As protests over the death of Freddie Gray continued without major incident and Baltimore police announced an early conclusion to their investigation, civil rights activists and restaurants angled to get the curfew lifted.
The American Civil Liberties Union argued that with order largely restored after Monday's rioting, the 10 p.m. citywide curfew should be lifted. Some bars and restaurants agreed.
"We think it is clear that these conditions have now been met such that the curfew is no longer serving its intended purpose, and we urge you to lift it," Deborah A. Jeon, ACLU-Maryland's legal director wrote to Mayor Stephanie Rawlings-Blake.
Police Commissioner Anthony W. Batts said Thursday evening that the curfew would remain at least through the weekend. Even as springtime temperatures are drawing rowhouse residents out to sit on their steps in the evening, he said they will still be asked to go inside.
City and state leaders remain vigilant to the possibility that the calm may not last, and the White House reached out to celebrities such as former Ravens player Ray Lewis in an effort to enlist their help calming tensions in Baltimore.
Many residents here and across the country remain outraged over the death of Gray, 25. He died one week after his spine was severed and voicebox crushed while in police custody on April 12.
Gov. Larry Hogan said it would be unwise to lift the curfew "because we believe that there is still a real potential for more violence and more danger over the weekend."
"We don't want to alarm anybody, but we want to be fully prepared for the worst possibilities," he said. "We have other really extreme groups that are violent, that want to come in here just to cause mayhem."
Demonstrators took to the streets Thursday in Philadelphia and Cincinnati in a show of solidarity with Baltimore protesters and to decry police brutality. In Philadelphia, some protesters clashed with police.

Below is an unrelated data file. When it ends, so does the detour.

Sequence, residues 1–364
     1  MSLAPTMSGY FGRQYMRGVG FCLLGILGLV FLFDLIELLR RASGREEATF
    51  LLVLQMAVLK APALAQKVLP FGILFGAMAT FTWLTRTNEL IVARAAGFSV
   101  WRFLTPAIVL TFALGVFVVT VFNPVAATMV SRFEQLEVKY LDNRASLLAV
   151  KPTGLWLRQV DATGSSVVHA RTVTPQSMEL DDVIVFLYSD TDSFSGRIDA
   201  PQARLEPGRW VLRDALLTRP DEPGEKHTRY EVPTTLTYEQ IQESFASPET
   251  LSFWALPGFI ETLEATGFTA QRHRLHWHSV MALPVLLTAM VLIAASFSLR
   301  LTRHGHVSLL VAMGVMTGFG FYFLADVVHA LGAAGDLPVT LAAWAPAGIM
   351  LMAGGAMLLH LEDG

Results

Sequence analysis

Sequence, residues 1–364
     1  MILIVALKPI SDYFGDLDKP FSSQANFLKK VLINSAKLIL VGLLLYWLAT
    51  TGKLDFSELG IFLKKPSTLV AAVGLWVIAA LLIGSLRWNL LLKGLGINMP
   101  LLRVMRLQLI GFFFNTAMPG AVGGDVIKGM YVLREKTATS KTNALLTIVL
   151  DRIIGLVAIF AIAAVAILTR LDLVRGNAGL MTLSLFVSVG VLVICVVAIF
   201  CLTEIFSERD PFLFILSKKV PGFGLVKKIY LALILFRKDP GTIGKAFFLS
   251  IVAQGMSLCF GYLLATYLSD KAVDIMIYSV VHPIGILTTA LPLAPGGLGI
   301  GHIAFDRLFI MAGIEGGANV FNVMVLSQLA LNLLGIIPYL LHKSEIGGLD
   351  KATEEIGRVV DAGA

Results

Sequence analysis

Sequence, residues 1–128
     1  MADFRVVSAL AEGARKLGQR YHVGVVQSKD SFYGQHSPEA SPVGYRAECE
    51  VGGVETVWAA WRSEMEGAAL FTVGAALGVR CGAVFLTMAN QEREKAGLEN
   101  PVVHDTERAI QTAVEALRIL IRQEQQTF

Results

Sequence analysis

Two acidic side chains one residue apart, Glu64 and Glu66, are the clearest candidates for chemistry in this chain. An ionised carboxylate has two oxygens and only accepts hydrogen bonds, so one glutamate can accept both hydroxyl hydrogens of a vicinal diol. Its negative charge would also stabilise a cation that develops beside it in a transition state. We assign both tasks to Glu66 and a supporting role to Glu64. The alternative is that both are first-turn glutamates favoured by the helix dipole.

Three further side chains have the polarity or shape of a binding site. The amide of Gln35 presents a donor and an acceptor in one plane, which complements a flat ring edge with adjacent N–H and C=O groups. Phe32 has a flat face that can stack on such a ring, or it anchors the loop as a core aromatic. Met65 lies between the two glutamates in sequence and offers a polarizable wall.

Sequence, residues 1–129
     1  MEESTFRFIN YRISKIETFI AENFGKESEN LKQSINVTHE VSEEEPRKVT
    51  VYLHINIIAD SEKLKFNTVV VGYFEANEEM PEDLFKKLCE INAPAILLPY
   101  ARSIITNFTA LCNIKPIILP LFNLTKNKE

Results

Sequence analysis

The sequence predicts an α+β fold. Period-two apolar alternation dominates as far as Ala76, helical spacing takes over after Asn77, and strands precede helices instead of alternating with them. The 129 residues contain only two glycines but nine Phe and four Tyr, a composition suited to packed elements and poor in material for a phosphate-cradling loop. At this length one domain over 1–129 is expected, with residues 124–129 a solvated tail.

As part of attempts to keep the peace in Baltimore, a number of celebrities and sports figures visited the city.
More than 50 current and former Ravens toured West Baltimore to deliver food and supplies and visit schools — including Frederick Douglass High, where some students were among those believed to have started the disturbances Monday that led to a series of fires and looting incidents.
Meanwhile, Carmelo Anthony, the NBA star who grew up in Baltimore and played basketball at Towson Catholic High School, and Kevin Liles, the city native who became Def Jam Recordings president, joined protesters Thursday.
Hundreds walked from Weat North and Pennsylvania avenues, the focal point of much of the unrest, to City Hall, and back. They rallied in the rain, demanding answers. "Stop the lies!" they shouted. "How did Freddie die?" Others chanted: "I love Baltimore! We want peace!"
Police officers walked with the marchers. Two of them stopped to hug protesters and another helped a 2-year-old adjust his "End police terror!!!" sign as he sat on his grandfather's shoulders.
The Rev. Al Sharpton met with local religious and community leaders at New Shiloh Baptist Church, where the New York-based civil rights leader and TV host rebuked those who have criticized Rawlings-Blake for her handling of the crisis.